It was Ray Edwards – at the time buyer for Tower Records’ legendary, late, lamented classical department on West 4th and Broadway – that recommended I check out the recordings of British-born, Russian-raised conductor Albert Coates (I believe we’d been talking about the ever-popular “Toscanini vs. Furtwängler” debate and my having come down decidedly on the side of Willem Mengelberg).
An example of crass commercialism for which I blame myself — and it makes a great gift.
Does listening to Mozart make you a genius? Lest anyone forget, here is an example of a decade-plus-old product for which I take near-full responsibility.
Courtesy of the gang over at bigthink.com, Oliver Sacks has a detailed answer:
I’m listening to a recording of Das Lied von der Erde that has been much awaited among Mahlerphiles: the concert recording of June 14, 1968 with Fritz Wunderlich, Dietrich Fischer-Dieskau, and the Vienna Symphony conducted by Josef Krips. Back when I was with Andante there had been talk about attempting to release the recording; alas, those plans did not come to pass. The good news is that it’s finally been given an “official” release by Deutsche Grammophon. To say the extrovert, characterful performance transcends the boxy sonority (that sounds to these ears to have come from a true “taped off the Telefunken receiver” aircheck and not from a broadcast or archival master) is an understatement – the singing is stunning, and what a treat to hear Krips get such evocative playing from the Vienna Symphony. It’s the most edifying and satisfying vocal release I’ve heard so far this year. Highly recommended.
Regular readers know that I’m a fan of the late Lorraine Hunt Lieberson. While she may have been gone nearly five years, a number of live recordings have been released since her untimely passing that strongly complement her studio output.
The voice of legendary critic and musicologist Deryck Cooke has officially been recovered from the depths of the BBC’s tape archives.
On December 10, 1960, the Third Programme (now Radio 3) aired Cooke’s lecture-demonstration on his first realization (with the assistance of composer Berthold Goldschmidt) of Mahler’s Symphony No. 10 followed by a performance of the near-complete realization by the Philharmonia Orchestra conducted by Goldschmidt. This program has long circulated privately among Mahler enthusiasts. Testament Records has just released a newly remastered edition of the broadcast under license from the Beeb — along with a live Proms performance of the completed first realization (with further assistance from David and Colin Matthews) on August 13, 1964 by the London Symphony Orchestra conducted by Goldschmidt.
I’ve just put disc one on the CD player, and can attest to a huge improvement in sound quality over any privately circulated version I’ve run across. I will have much more to say about this release in the next few days. And here’s something else Mahlerites and admirers of Cooke might find interesting.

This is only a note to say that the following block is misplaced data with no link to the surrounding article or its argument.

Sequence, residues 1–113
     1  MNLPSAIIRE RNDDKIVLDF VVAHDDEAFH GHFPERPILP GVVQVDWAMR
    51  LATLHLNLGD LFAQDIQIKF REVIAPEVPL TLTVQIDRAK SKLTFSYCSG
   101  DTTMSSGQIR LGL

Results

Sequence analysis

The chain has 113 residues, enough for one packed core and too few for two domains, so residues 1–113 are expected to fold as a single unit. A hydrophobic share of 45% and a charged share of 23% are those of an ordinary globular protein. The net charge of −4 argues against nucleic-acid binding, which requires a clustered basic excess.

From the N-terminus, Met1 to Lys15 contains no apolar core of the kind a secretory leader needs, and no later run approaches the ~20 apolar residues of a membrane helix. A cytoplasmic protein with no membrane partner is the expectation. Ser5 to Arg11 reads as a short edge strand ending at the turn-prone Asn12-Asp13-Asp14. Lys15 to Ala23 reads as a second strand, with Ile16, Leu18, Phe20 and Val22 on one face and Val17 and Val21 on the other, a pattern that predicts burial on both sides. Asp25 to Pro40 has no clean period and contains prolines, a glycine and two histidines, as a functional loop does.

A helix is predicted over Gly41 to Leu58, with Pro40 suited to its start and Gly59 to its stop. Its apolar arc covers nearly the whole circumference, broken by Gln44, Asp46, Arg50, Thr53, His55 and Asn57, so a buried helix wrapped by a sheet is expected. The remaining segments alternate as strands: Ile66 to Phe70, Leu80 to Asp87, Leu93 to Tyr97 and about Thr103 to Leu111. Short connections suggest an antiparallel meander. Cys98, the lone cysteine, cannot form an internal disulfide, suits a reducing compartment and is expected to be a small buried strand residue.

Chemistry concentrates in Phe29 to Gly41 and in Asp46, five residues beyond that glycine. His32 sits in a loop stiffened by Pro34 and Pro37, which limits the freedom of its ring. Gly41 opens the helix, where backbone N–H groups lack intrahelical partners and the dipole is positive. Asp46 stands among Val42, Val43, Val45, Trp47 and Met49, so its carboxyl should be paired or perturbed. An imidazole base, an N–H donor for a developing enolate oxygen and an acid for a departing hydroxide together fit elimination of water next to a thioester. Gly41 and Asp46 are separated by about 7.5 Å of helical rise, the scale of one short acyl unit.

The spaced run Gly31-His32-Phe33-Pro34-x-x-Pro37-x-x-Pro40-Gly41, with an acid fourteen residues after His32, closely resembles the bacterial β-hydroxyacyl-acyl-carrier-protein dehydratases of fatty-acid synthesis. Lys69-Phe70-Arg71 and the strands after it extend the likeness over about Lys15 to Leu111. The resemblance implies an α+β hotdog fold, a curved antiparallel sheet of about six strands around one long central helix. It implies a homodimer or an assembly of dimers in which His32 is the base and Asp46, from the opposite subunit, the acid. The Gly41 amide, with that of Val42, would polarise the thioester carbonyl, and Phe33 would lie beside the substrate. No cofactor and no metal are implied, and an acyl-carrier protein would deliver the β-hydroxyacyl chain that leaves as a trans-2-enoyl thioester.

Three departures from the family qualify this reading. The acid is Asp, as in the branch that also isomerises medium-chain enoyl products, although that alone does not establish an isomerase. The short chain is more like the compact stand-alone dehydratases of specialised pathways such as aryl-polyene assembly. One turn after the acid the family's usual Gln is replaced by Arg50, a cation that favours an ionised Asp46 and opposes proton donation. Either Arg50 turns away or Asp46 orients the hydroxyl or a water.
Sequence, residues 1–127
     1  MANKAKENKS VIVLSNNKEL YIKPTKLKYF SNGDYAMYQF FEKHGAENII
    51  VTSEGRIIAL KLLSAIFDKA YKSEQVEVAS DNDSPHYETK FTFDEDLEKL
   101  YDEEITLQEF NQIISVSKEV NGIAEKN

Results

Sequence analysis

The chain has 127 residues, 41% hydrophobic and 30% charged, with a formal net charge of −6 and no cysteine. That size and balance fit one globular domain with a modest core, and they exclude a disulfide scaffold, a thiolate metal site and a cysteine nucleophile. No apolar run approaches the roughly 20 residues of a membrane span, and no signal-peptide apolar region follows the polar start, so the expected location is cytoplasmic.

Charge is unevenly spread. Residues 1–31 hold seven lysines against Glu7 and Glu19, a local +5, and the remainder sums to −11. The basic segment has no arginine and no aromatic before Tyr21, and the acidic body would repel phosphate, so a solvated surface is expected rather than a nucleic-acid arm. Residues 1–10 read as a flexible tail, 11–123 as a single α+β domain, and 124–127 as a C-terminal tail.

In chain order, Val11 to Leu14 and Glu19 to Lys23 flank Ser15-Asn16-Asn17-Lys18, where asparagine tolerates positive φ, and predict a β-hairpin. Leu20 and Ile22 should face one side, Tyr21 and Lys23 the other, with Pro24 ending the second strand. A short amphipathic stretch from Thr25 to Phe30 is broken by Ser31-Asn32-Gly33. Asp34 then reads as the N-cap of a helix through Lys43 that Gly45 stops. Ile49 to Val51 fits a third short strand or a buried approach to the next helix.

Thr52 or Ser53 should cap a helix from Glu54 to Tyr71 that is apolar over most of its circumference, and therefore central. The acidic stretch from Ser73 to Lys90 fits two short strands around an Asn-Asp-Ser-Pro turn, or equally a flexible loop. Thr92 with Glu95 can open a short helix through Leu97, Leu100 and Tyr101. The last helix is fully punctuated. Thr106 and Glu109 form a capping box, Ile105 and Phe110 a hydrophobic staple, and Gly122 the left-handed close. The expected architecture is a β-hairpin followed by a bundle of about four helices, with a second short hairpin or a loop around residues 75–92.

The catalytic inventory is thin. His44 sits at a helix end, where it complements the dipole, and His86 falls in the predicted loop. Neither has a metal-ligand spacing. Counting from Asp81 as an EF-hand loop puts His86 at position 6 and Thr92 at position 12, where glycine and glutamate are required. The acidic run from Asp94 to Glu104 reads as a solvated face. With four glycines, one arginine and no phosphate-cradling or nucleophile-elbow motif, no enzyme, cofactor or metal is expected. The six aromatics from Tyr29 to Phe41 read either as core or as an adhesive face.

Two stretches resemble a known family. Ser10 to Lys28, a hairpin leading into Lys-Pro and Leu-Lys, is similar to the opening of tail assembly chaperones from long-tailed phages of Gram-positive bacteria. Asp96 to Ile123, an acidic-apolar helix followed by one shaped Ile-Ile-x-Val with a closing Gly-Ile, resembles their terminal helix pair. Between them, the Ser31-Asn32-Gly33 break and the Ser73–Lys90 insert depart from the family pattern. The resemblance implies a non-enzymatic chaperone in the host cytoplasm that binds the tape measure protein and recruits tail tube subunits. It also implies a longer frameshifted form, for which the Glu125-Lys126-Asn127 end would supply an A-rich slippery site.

Nothing quite cheers up an overcast Sunday afternoon in New York City like a little bit of music — in today’s case, that of Michael Finnissy. I’m typing this between the first two tracks on the “Lost Lands” CD, a program of works drawing on the sounds of disappearing musical cultures, from UK indie Metier Records. Oboist Christopher Redgate and percussionist Julian Warburton dispatch the complexities and nuances of “Dilok” and “Dalal”, two particularly pungent and exuberant works, with jaw-dropping ease. The remaining tracks, played by members of new music ensemble Topologies, are equally exciting.
Our cat Nicolò meowed one of his assertive meows as the first movement cadenza of Beethoven’s Violin Concerto (the Oistrakh / Cluytens / French National Radio Orchestra recording on EMI) was about to emerge from the speakers — and then another as the tricky double-stops toward the end of the cadenza commenced. He’d been fed, so it wasn’t about “noms“. Nic sounded critical of something, but of what exactly I’m not certain, as he walked away.
I am still in the process of sorting through a pile of product samples, swag, and tchotchkes which I brought back from MIDEM over a month ago (which goes to show you how busy things are at Casa Gaudette), and I’d be remiss if I didn’t mention a number that are well worth some comment. So this is the first in four installments of new product worth tracking down.
A month after Carlos Kleiber died, I ran into a prominent conductor of my acquaintance at Academy Records. When talk turned to Kleiber, he sighed and said, “My God, he was the greatest of us all. The greatest.”
Watch the opening segment of Eric Schulz’s deeply moving portrait of Kleiber, in the words and recollections of his colleagues intercut with rehearsal and concert footage, here. Hat tip: Sybille Werner.
UPDATE: It’s out now on DVD in North America. Find the best price here. If you were in New York City during October 1990 and caught Der Rosenkavalier at the MET, you know what all the buzz was about.
I’m a huge fan of wizardly recording engineer Tony Faulkner, a longtime practicioner of “less-is-more” audiophile recording techniques. He hasn’t hesitated to tip a few sacred cows over the years, and created a major fuss in the classical recording industry during the early 1990s when he had the audacity to criticize no less an institution than Deutsche Grammophon on the matter of their overhyped, artificial-sounding “4D” recording process. In an editorial posted to Classical Source, Tony puts the smackdown on the venerable BBC for labeling its Radio 3 transmissions as “H[igh] D[efinition]” when it simply isn’t true (we’ve been seeing similar misleading monkeyshines in the States). The editorial is a must-read for audiophiles and casual listeners alike.